By Dr. Marc Siegel
At the heart of the multi-headed abominable creature known as Affordable Care Act aka ObamaCare, there resides a singular deceit. It is too easy for lawyers and even U.S. Supreme Court Justices to miss this deceit in the process of arguing abstractions, but I and other doctors experience this reality every day our offices:
Insurance does not equal care. One patient’s needs can get in the way of another’s needs. My waiting room is like so many others in America, and when it is clogged with several patients with low-paying highly-regulated insurance, the waiting time goes up and the access to quality medical care goes down.
With all due respect to Supreme Court Justice Sonia Sotomayor, though it is true that everyone will get sick and need health care eventually, it is not true that health insurance automatically provides you with that care.
I can tell you as a practicing physician that the regulations and restrictions and red tape of health insurance (all increasing under ObamaCare) hamstring my office staff and interfere with my ability to take care of you.
What does provide an uninsured patient access to health care are laws that mandate that a hospital emergency room can’t turn you away when you are sick.
A false premise of ObamaCare is that mandating insurance for all somehow enables the ERs take care of all comers. In fact, studies show that Medicaid patients are much more likely to use the ER unnecessarily than are the uninsured. This clogs the ER and interferes with life-saving treatments for other patients.
Plus, the states, overburdened with administering the Medicaid expansion, will inevitably cut reimbursements to the hospitals, lowering the bottom line payments a hospital receives even as its volume increases.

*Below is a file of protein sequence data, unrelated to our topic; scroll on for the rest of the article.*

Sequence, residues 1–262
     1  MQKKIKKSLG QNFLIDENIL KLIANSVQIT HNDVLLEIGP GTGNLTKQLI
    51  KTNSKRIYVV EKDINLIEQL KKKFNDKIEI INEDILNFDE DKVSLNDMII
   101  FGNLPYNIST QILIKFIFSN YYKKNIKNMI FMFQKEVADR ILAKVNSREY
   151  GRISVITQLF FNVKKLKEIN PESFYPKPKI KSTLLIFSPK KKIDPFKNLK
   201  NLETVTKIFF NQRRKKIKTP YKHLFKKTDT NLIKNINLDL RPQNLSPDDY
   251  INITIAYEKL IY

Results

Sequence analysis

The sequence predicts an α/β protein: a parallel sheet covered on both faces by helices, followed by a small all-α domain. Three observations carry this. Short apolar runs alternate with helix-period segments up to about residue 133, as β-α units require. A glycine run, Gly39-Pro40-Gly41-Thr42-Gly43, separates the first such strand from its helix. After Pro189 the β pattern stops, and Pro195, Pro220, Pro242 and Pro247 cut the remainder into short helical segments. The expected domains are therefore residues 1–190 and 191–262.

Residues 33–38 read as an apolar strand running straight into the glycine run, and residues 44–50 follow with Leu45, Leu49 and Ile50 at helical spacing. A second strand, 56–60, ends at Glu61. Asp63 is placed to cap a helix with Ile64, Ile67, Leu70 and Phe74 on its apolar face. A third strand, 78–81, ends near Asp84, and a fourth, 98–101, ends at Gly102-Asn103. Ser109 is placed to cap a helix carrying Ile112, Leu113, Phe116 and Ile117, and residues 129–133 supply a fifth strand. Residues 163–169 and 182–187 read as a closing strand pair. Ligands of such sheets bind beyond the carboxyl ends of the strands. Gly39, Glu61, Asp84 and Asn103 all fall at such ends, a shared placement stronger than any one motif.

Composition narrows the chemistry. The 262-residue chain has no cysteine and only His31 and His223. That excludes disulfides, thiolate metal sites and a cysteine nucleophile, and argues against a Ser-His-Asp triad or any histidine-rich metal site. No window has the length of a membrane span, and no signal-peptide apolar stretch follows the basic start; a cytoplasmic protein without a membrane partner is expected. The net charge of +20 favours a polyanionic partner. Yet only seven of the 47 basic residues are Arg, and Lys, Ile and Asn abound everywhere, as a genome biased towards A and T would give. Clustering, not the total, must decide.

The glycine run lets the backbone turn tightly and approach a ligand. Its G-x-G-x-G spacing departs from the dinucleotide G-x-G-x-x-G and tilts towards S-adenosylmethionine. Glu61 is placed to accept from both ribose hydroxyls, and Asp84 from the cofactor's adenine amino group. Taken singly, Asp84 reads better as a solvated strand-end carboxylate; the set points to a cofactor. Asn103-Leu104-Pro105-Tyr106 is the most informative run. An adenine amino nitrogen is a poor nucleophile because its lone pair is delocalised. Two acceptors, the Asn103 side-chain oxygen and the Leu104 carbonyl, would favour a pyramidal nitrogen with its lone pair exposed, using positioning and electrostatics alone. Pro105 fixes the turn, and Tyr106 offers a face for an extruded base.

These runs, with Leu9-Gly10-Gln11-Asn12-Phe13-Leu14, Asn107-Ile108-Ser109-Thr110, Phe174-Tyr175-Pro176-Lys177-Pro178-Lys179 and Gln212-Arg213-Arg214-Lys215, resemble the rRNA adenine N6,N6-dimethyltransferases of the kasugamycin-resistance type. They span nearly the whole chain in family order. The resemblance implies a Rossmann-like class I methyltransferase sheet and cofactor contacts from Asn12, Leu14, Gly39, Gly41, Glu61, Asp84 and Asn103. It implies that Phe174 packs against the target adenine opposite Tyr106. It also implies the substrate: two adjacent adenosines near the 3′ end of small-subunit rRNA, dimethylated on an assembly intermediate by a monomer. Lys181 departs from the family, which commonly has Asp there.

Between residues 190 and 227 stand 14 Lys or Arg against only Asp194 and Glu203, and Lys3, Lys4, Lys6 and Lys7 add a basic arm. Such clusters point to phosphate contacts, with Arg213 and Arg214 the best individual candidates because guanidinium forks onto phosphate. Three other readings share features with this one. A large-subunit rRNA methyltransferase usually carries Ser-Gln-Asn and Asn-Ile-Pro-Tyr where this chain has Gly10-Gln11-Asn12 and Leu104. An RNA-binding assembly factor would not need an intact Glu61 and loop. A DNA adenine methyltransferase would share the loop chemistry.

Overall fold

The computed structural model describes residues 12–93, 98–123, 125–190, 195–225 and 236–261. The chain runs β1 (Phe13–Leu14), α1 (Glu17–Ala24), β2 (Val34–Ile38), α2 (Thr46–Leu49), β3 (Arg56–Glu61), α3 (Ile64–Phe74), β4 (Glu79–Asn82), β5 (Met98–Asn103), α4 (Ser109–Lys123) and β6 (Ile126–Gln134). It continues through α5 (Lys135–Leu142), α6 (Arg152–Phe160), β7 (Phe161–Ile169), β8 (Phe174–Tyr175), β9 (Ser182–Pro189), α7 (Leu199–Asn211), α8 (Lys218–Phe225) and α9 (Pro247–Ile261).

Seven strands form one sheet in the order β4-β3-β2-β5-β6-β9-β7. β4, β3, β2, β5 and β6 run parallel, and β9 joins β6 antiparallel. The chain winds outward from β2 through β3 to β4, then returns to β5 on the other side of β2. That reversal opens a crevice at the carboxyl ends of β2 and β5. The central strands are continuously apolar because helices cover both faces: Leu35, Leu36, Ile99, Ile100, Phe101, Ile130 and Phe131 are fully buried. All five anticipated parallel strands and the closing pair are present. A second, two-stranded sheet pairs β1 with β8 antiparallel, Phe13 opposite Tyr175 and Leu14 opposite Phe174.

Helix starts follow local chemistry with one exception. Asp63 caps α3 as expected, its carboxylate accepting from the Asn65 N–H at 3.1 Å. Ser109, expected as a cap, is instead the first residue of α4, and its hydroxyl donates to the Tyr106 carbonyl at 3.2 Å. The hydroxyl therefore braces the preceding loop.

Though politicians may even have the best of intentions when they compel you — in defiance of the Constitution, in my opinion — to purchase a product known as health insurance, in fact they are not even achieving their stated goal of providing for the public good, since this insurance doesn’t equal care.
There wouldn’t even be a case before the Supreme Court if Congress and the president had stayed within their roles and expanded the National Health Services Corp and federal clinics expressly designed to care for the underserved. If there is a public health care need then let’s get our government to provide for it directly.
In my office, and doctors’ offices across the country, the response to ObamaCare has changed.
Two years ago, when the law was passed, there was a pocket of patients who worked part time, had no health insurance, and looked forward to the day when they would be covered. But that early group of optimists has given way to a much larger group who worry that they will lose the employer-provided coverage they now have, and end up being forced to the state exchanges where they will be compelled to purchase (if the mandate survives) a policy they can’t afford with an inadequate federal subsidy.
Most of my patients are rooting for the Affordable Care Act to unravel especially if the individual mandate is declared unconstitutional. — Transcripts and audiotape from the court this week make this possibility appear likely.
If ObamaCare somehow survives with or without the mandate, 16 million new Medicaid patients will quickly find out what current Medicaid patients already know; that it is very tough to find a doctor or network of doctors who will work with your insurance.
ObamaCare’s Independent Medicare Advisory Board and other regulatory committees and mandates will make it more and more difficult for doctors like me to practice and to order the tests and treatments we feel our patients need. We will require more staff hours to deal with all the red tape. As more of us drop out and no longer accept insurance, another unconstitutional mandate will become necessary to compel doctors to participate again.
Doctors everywhere are hoping and praying that dreaded day never comes. Even though the individual mandate and perhaps all of ObamaCare now appears to be in serious jeopardy thanks to the Supreme Court, doctors and their patients are not yet starting to breathe easier.